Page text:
Which isn't all that noticeable if you are, say, an 11-year-old. (The game is for ages 8+)
If (hypothetically speaking) you are 11, and you put the pieces back any old way, put the cover on the box, and put the box back on the game shelf... then the next person to come along and play with it is going to find that the laser piece needs a new battery. Because it has been stored with the laser-activator-button pushed down.
Hypothetically speaking, of course.
I do really wish that either a) all of the little wells in the plastic were just a smidge deeper, so it wouldn't matter which piece was put where, or b) the spot where the laser-piece goes would be far more blatantly obvious, such as the plastic being colored to match the piece types.
The good thing is that we discovered that it is really easy to replace the battery in that laser-piece, and it is a fairly common watch battery. At least, it is one we already had around the house, and we don't have all that many of the watch battery types around.
Learning how to use this is part of the education. At first, reading the instructions seems vague and confusing but just try it and see what happens. It won't be long before you go ah ha!
Basically, you reflect the laser light using mirrors until one or several pieces light up. Which is the fun part, setting each piece up correctly and learning how it affects the light. There is a deck of cards with each card giving you diagram of the pieces used, how some should be placed while others you need to figure out where some of the pieces actually go and how they are positioned. The challenge is to light up the number of targets specified. The cards are numbered with the first being the easiest and they progress to advanced.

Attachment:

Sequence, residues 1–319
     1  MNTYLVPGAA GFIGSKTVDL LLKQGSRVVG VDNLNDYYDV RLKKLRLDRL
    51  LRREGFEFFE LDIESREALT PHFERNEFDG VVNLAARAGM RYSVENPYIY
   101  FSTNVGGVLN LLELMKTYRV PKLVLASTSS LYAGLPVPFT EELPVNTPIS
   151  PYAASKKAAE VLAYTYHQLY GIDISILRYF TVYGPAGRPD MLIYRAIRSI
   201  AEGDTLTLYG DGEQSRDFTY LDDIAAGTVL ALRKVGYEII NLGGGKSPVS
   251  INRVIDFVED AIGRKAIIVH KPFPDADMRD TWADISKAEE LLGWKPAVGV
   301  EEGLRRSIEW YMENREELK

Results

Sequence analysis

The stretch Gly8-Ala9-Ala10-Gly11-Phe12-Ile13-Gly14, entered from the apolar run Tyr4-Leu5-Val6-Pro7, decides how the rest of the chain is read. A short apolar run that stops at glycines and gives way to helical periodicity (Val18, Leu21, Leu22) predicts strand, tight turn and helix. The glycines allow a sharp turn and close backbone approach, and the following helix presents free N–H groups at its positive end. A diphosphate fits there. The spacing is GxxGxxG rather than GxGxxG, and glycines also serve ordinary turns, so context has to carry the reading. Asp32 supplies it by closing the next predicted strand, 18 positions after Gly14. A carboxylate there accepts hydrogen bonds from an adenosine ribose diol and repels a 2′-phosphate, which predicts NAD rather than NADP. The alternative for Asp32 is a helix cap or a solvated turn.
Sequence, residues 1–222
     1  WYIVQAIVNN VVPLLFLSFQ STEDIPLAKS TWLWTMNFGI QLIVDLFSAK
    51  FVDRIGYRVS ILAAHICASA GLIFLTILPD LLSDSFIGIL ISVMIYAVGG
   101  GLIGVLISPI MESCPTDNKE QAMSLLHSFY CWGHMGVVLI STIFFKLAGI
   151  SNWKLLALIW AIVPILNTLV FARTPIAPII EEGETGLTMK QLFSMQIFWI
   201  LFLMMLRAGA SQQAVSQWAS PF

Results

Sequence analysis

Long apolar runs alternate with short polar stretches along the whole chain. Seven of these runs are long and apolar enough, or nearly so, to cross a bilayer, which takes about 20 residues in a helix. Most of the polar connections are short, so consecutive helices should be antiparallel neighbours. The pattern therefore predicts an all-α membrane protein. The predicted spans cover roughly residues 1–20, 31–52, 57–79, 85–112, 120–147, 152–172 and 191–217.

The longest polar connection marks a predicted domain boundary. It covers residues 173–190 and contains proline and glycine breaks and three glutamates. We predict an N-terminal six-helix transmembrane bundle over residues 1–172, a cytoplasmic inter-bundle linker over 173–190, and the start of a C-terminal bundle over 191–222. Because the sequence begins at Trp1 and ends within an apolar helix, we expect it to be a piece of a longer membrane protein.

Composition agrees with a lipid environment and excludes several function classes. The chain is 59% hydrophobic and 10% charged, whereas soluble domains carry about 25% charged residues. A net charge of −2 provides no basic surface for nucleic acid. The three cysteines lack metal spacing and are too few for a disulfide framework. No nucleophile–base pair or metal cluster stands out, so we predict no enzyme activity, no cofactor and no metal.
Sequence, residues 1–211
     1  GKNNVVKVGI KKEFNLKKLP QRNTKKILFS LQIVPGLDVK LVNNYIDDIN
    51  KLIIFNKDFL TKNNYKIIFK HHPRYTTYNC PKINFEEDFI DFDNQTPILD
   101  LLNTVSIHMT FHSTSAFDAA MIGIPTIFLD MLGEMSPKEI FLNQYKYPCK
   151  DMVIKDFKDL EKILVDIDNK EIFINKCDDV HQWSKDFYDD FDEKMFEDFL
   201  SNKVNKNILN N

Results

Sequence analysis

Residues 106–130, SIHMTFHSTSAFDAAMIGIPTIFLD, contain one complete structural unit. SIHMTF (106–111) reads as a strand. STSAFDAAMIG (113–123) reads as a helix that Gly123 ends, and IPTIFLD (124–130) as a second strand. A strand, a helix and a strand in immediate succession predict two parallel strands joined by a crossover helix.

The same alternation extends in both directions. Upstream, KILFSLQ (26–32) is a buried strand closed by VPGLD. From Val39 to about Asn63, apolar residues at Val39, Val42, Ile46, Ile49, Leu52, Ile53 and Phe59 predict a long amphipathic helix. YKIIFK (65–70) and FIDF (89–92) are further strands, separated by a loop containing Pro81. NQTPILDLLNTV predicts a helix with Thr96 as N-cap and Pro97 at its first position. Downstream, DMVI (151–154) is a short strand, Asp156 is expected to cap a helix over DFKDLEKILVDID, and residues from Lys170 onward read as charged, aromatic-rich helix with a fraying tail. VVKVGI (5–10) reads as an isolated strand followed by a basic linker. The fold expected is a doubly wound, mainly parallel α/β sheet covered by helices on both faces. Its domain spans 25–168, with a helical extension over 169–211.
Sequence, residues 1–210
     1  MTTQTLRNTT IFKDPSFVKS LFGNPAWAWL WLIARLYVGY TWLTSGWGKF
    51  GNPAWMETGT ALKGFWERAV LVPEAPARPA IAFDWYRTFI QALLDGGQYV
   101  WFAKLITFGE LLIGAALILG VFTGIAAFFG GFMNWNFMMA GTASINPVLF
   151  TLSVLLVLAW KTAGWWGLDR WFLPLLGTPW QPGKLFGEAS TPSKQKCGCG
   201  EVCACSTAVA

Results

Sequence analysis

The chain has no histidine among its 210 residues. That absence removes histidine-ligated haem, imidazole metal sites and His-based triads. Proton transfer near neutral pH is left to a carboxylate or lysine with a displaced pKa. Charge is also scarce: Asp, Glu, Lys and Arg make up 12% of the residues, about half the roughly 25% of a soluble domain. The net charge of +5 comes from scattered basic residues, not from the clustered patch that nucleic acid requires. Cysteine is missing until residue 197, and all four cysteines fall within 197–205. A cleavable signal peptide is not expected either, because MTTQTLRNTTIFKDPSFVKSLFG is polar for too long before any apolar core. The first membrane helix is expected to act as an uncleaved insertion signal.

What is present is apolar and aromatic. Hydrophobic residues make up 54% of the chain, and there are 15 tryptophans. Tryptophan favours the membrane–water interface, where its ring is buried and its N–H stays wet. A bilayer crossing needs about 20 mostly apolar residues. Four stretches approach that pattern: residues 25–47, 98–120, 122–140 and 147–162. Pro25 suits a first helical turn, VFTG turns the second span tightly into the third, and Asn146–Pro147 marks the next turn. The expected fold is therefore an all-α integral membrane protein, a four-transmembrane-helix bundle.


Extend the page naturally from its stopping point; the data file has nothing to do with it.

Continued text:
It comes with the playing board with the placement squares and a deck of cards with diagrams of what is to be built. One piece has the laser with a button to light it up. There are 5 pieces that have a mirror, a blank/blocking side and a side that will light up when the laser light hits it (which is hard to see if you have a lot of light like being outside in the sunlight). Three splitters let the light through and reflect it depending on the angle. One piece is a check point/pass through piece. And there is a blocker that prevents you from using a square in your solution.
TIP: keep the little piece of cardboard that you pull out to make the battery work. I found that when it's boxed up it doesn't protect the laser piece from being pressed and the battery went dead in a day sitting on the shelf. So I now slip that cardboard piece back into the battery slot.
While this is entertaining and exercises your brain, it's more of a tool to help children and adults learn about how light travels. It is challenging and fun to work with but may not be your favorite game to play. But there are so many challenges you will have it around for a long time.
You have 60 different cards with different difficulties. Start from beginner as a walkthrough. Believe me, the expert can really be challenging.
If I can add something to the game, I would love to see a laser sound effects which you can turn on and off .
Laser Maze (Class 1) is designed as a single player game for ages 8 and up
The box is designed so the pieces can be stored in it. you can even leave the game board in the box to play. At least that's working so far for us.
I tried to skim the instructions and got so confused, I put the game away & came back to it when I felt more like thinking.
I re-read the instructions, concentrated this time & the game didn't feel so confusing.
The game uses mirror/targets, beam splitters, a double mirror, checkpoint/pass through, cell blocker, and a laser (don't let the kids point it in anyone's eyes, not in pet's eyes either). The laser uses 2 button batteries sz. 1.5V, AG13. Batteries are included.
The 60 challenge cards range from beginner to expert.
This game is challenging for me; it feels great when I get a target to light up. I think it's always a good idea for me, a senior citizen. to challenge my brain. I can't wait until my grandkids get a chance to play this.